SF parks benefiting from summer school cutbacks 

It’s not all about cuts this summer.

The school board did ax the majority of its summer school classes, but those cuts have translated into extra business for the Recreation and Park Department.

The city department, which is facing a budget shortfall, is offering 38 percent more of its extracurricular activities — from badminton to gymnastics — to make room for children who otherwise might have attended school during the summer. The offerings include 63 summer camps, 542 total weeks of programming with 16,000 slots for attendees.

The increase in offerings is also one way that the department is working toward  Mayor Gavin Newsom’s mandated $12.4 million cut to its $33.4 million operation budget. Instead of making cuts, the department is also working to increase revenue sources.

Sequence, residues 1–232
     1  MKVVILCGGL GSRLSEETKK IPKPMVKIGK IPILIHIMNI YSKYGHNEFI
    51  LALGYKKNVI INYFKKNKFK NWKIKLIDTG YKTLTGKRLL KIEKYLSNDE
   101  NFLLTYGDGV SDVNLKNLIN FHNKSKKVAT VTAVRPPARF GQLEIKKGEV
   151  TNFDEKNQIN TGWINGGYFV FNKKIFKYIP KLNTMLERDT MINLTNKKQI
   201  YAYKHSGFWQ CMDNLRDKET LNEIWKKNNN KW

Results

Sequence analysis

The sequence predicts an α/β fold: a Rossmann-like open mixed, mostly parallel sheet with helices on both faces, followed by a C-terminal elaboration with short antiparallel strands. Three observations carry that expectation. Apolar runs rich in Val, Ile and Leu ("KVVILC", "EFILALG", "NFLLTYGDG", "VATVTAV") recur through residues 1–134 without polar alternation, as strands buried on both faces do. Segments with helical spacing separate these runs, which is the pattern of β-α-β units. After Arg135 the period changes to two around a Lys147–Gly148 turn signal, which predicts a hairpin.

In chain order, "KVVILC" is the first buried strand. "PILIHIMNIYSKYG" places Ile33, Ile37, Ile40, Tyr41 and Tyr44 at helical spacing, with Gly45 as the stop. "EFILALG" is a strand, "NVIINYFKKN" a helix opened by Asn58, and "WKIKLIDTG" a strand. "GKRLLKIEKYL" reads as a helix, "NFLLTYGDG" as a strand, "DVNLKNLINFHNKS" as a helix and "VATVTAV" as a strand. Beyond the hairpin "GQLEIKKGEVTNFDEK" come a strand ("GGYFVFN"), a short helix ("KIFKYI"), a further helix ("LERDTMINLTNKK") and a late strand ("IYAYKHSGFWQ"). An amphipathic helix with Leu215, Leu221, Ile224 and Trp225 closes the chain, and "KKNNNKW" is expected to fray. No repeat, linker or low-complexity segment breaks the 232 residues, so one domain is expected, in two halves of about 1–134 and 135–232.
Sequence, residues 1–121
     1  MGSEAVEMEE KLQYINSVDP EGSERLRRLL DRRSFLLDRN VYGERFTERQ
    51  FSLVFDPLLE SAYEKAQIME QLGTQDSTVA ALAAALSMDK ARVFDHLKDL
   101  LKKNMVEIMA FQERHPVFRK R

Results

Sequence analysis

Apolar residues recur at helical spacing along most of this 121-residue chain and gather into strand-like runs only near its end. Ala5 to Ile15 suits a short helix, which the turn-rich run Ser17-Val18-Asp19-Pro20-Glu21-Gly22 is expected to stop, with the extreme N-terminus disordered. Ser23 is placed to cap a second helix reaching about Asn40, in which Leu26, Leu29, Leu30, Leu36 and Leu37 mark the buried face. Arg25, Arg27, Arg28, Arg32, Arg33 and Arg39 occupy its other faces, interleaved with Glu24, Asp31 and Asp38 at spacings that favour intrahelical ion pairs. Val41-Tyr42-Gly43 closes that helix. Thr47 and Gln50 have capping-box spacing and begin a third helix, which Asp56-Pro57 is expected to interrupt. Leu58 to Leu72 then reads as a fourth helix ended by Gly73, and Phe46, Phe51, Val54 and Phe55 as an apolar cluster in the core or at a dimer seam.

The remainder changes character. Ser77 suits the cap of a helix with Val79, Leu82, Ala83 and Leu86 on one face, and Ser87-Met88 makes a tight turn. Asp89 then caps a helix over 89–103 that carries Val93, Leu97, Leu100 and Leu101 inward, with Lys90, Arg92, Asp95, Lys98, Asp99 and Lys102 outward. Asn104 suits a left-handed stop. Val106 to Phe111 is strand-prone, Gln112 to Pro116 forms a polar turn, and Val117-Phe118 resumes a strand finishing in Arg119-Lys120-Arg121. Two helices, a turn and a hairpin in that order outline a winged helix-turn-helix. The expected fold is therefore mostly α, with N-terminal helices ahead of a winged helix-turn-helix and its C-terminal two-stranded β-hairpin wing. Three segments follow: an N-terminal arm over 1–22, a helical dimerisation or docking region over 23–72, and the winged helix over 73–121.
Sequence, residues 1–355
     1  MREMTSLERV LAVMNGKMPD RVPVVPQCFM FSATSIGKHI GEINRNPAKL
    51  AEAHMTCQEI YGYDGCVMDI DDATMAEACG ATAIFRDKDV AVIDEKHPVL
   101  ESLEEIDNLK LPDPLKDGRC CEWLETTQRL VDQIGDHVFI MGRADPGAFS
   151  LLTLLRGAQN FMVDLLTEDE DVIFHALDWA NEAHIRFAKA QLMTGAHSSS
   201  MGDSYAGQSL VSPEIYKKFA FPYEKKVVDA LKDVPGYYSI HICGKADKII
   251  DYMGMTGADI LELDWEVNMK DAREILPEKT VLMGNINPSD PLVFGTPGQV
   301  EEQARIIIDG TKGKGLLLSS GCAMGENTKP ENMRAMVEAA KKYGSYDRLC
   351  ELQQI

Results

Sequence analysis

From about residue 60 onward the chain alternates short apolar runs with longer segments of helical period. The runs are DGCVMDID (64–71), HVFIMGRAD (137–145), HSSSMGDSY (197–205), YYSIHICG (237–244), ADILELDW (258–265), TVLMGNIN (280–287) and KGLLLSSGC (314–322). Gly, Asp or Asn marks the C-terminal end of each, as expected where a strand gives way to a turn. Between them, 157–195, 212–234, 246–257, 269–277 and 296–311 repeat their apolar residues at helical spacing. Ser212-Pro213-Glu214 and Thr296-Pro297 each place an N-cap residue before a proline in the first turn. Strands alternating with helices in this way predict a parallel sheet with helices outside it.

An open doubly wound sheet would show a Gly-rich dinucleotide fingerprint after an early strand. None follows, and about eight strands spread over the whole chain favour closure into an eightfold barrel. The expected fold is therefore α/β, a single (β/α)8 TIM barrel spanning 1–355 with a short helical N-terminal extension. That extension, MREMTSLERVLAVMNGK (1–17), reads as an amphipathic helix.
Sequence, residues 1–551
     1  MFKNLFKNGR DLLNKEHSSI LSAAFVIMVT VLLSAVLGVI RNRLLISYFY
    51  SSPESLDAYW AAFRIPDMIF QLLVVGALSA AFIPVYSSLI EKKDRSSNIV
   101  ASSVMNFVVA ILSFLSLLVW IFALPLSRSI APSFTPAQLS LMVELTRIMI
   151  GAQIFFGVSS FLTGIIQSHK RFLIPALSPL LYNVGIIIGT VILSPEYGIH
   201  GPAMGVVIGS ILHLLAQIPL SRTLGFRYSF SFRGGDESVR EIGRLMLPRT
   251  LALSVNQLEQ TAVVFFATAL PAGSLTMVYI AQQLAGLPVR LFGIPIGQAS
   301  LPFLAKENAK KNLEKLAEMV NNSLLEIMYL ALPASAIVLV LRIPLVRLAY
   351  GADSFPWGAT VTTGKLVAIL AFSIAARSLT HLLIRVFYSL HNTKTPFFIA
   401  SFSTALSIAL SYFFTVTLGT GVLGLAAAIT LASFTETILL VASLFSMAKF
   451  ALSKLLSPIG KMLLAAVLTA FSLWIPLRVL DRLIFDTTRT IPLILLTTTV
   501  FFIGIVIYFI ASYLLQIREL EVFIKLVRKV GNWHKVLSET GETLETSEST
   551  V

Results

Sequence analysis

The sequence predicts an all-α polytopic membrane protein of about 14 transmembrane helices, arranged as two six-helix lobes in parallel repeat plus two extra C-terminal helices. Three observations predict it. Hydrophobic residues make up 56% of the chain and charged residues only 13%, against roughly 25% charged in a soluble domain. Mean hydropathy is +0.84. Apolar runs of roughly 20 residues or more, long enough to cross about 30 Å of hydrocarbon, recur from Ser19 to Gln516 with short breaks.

The number of spring registrations has nearly doubled since last year — from about 4,000 to 7,000 — earning Rec and Park $151,000, also almost twice as much last year, said Rec and Park General Manager Phil Ginsburg.

Other fundraisers are also filling the hole. When five recreation centers opened, they did not have any equipment, but the nonprofit San Francisco Parks Trust threw a fundraiser at the new Hamilton Recreation Center recently, raising $40,000 for new gear.

The nonprofit has also helped Friends of Presidio Heights Playground raise $800,000 to renovate their playground because it was
No. 254 on the list of parks in The City in need of work.

“We started to really hit our stride,” said Karen Kidwell, executive director of the nonprofit. “It’s all about the small success stories right now.”

Rec and Park also received a $100,000 gift to pave a basketball court at the Eugene Recreation Center, Ginsburg said.

“So there’s some good news,” he said of the financial situation.


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